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      Transabdominal cervicoisthmic cerclage: a reappraisal 25 years after its introduction.

      American Journal of Obstetrics and Gynecology
      Abdomen, Abortion, Habitual, therapy, Adult, Cervix Uteri, Female, Fetal Death, Humans, Intraoperative Complications, Ligation, Postoperative Complications, Pregnancy, Pregnancy Trimester, Second, Questionnaires, Survival Analysis, Uterine Cervical Diseases, Uterine Cervical Incompetence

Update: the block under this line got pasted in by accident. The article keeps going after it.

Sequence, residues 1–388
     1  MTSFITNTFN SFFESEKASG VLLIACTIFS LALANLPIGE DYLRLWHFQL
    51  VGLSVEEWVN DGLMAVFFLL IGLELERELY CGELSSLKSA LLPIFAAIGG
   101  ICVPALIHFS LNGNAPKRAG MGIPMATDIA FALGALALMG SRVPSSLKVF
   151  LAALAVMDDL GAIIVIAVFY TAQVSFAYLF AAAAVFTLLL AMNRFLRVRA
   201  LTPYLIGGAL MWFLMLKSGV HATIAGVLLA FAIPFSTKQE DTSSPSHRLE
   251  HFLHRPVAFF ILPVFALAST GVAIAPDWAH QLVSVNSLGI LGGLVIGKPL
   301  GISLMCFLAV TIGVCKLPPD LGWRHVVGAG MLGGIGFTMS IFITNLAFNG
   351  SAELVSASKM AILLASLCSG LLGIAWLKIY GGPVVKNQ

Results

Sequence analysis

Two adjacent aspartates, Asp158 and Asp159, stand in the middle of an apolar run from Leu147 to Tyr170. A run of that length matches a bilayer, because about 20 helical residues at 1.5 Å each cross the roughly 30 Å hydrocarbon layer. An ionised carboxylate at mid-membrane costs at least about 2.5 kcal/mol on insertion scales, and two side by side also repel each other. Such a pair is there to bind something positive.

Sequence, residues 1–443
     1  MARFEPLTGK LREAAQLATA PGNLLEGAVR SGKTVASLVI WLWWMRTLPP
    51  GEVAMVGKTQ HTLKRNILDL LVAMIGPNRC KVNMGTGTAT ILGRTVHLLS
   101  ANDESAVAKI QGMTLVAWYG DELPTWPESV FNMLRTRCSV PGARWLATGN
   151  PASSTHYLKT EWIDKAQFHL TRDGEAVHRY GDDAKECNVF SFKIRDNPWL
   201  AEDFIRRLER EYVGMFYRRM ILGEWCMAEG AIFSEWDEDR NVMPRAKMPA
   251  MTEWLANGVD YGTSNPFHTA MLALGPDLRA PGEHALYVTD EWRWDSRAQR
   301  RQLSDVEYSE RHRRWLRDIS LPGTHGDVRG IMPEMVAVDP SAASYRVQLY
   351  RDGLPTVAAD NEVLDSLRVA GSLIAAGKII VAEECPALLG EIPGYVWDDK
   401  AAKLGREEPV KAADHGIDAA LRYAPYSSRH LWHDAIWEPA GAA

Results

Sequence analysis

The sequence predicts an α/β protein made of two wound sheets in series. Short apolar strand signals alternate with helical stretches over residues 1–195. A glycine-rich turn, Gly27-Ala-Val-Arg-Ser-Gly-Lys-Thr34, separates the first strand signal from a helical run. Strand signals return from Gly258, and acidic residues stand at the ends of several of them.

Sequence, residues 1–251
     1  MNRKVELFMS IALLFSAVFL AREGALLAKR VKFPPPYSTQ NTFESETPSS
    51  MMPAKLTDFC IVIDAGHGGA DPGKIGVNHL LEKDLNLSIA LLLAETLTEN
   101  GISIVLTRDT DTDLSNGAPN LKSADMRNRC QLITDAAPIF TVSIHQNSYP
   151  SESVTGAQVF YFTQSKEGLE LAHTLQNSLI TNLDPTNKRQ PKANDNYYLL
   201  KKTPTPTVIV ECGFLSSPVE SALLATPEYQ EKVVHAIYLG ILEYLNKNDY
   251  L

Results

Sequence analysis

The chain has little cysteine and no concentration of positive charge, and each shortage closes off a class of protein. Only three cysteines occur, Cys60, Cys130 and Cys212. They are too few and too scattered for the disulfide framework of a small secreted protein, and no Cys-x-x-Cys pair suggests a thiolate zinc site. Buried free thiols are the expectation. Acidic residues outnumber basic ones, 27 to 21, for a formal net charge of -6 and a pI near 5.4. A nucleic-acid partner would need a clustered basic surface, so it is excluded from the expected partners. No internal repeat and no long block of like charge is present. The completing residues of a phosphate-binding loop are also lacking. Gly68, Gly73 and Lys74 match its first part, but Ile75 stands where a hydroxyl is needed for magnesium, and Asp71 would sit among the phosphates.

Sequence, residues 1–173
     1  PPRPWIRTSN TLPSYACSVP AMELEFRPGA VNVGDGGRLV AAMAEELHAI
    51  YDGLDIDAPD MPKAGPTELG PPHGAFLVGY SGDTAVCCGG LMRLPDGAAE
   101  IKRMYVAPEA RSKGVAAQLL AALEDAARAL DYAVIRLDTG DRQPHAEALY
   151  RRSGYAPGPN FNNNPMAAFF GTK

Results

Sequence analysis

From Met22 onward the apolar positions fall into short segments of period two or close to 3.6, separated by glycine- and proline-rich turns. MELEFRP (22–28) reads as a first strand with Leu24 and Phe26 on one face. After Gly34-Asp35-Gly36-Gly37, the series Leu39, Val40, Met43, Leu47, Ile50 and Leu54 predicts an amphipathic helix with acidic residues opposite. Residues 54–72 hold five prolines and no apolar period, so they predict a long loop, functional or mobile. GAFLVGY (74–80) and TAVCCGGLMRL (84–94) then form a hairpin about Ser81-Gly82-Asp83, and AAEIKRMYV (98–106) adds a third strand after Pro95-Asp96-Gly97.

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          Most cerclage operations for cervical insufficiency are performed transvaginally. The transabdominal route is beneficial in treating patients with cervices that are either extremely short, congenitally deformed, deeply lacerated, or markedly scarred because of previously failed transvaginal cerclage procedures. The average gestational age at surgery was 11.5 weeks and the operation was performed after early ultrasonographic verification of fetal viability. Patients with advanced cervical effacement or dilatation in the second trimester were excluded. A 5 mm wide Mersilene band was applied in an avascular space above the junction of the cervix and the uterine isthmus without dissection or tunneling among broad ligament vessels. This simplified surgical approach resulted in little operative blood loss (mean, 75 ml; range, 50 to 200 ml). After transabdominal cervicoisthmic cerclage, 21 pregnancies in 20 patients resulted in 18 term births, one premature birth with favorable outcome, and two early fetal deaths (90% salvage rate). A review of the world literature indicated 130 pregnancies with transabdominal cervicoisthmic cerclage during pregnancy and a cumulative success rate of 89%. Preconceptional transabdominal cervicoisthmic cerclage was reported in 30 pregnancies with an overall fetal survival rate of 81%. A survey of specialists in maternal-fetal medicine indicated an increasing interest and familiarity with transabdominal cervicoisthmic cerclage since its introduction more than two decades ago although this procedure is still not widely applied in obstetric practice.

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